Plasma Vs. LCD - Which of These HDTV Televisions Would You Pick?

A Brief Introduction

If you have been planning to buy an HDTV you will probably find these two types of televisions sets in stores. There is a lot of debate as to which of them is better. The truth is, each one of them has its advantages and disadvantages. Here are some of the pros and cons of the two leading types of HDTV televisions to help you decide which one is appropriate for you.

The Pros And Cons of Plasma HDTV Televisions

The pros of Plasma HDTVs

Plasma HDTVs have the best image quality. If you take a close look at the colors displayed by them you will notice that they are very solid and warm. What makes colors displayed on a Plasma set so attractive is that they are very similar to the colors that are displayed on CRT (Cathode Ray Tube) television sets. The sets all of us grew watching TV on. CRT sets are those big sets that are still around in some homes. The ones that had the rounded non flat screen. They are sometimes referred to as tube televisions. Due to the many years of using CRTs our eyes have adapted to these warm colors to a point that some people that buy an LCD or a DLP set dislike the product they purchased because to them, images look bland and artificial. A small number of people even return their set back to the store to get a Plasma screen. This situation is not very common but, I have seen it happen and have read about it a few times before. Another reason why images in Plasma sets look very realistic is that they can display very dark blacks.

The importance of a set's ability to display dark blacks relies on the fact that blacks are responsible for depth perception on images and color contrast. The truth is that the darkest black came from tube televisions. Still, Plasma HDTV televisions are the closest you can get to a CRT. Refresh rates are also very fast on these sets which makes them really good when it comes to fast moving scenes. They have a very wide viewing angle which makes the perfect to watch movies with the whole family.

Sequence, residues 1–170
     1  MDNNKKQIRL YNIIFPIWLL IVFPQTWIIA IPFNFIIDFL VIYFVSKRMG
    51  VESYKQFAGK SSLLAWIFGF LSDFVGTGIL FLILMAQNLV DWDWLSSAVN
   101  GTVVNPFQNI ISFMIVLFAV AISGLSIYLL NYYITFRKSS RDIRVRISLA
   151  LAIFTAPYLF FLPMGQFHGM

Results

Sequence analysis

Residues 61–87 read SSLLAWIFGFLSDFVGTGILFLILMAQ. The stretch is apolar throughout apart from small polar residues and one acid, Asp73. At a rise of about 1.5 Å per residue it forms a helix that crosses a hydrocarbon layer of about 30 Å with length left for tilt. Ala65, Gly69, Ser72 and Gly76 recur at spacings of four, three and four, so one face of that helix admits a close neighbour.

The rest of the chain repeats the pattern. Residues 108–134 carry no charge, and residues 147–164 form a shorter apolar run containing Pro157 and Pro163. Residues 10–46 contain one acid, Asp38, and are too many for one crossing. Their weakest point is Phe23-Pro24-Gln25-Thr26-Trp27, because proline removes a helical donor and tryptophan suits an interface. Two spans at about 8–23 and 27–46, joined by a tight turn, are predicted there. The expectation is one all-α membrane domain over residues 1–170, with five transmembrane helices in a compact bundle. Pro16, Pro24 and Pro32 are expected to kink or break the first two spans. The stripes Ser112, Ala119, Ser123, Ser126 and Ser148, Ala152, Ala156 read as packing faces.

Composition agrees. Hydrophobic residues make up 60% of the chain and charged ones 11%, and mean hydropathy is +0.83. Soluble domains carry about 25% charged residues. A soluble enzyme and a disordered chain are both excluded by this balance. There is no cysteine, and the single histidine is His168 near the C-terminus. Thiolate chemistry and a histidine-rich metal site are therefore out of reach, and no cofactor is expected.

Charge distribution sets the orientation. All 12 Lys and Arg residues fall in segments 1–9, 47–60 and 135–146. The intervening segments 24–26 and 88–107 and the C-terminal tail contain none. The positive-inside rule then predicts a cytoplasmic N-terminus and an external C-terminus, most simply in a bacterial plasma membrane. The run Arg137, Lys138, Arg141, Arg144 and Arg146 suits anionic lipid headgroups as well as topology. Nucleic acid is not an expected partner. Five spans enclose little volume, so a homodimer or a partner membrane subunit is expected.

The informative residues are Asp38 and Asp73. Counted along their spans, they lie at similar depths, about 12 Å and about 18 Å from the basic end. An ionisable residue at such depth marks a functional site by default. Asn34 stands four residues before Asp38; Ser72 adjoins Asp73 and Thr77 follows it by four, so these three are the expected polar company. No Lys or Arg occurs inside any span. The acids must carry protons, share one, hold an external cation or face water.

The Cons

Plasma HD television sets need a lot of energy to operate. If you are worried about your electric bill, one of these television sets is not for you especially if you are planning to buy one with a big screen. They are also relatively heavy compared to other types of TVs and are not as easy to mount on a wall due to the fact that they are thicker that other flat screens. Plasma screens are made of glass which can be quite bothersome for those that like to watch Tv during the day. The reason is that glass surfaces reflect a lot of light. The same happens with TVs with glass screens. If there is too much light in the room expect reflections of light bulbs or windows on the screen. Practically, the same thing that happened with CRTs. Notice the similarities?

And of course, the usual consumer concern known as the dreaded burn in. Image burn in occurs when some of the phosphor that powers pixels inside a Plasma set or a CRT ages considerably compared to some of the other phosphor in other areas of the screen. Burn in can happen when a static image is projected for extended periods of time. With never sets, the probability of an image burning in has been greatly reduced. Do you have an old CRT television that suffers from image burn in? Probably not, so do not fear image burn with your Plasma set either. It can happen especially with very old models but, most newer sets have a lot of features to help protect the screen from such damage. Be sure to use them when necessary if you buy one of these.

Another problem is that as Plasma televisions age they lose brightness due to the same reason: phosphor doesn't last forever. But do not get to concerned. Most newer models are designed to last up to 17 years of normal viewing activity. They have almost the same lifespan as other HDTV televisions.

The Pros and Cons Of LCD HDTV Televisions

The pros of LCD HDTVs